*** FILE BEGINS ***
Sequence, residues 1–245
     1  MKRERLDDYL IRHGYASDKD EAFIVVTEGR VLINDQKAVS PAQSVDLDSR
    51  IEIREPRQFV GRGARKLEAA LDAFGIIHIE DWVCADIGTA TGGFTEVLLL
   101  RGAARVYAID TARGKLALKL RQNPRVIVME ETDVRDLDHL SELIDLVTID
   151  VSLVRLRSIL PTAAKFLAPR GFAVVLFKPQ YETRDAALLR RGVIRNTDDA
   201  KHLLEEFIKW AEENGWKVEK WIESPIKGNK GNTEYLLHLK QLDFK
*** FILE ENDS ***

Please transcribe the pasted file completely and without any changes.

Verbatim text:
Sequence, residues 1–245
     1  MKRERLDDYL IRHGYASDKD EAFIVVTEGR VLINDQKAVS PAQSVDLDSR
    51  IEIREPRQFV GRGARKLEAA LDAFGIIHIE DWVCADIGTA TGGFTEVLLL
   101  RGAARVYAID TARGKLALKL RQNPRVIVME ETDVRDLDHL SELIDLVTID
   151  VSLVRLRSIL PTAAKFLAPR GFAVVLFKPQ YETRDAALLR RGVIRNTDDA
   201  KHLLEEFIKW AEENGWKVEK WIESPIKGNK GNTEYLLHLK QLDFK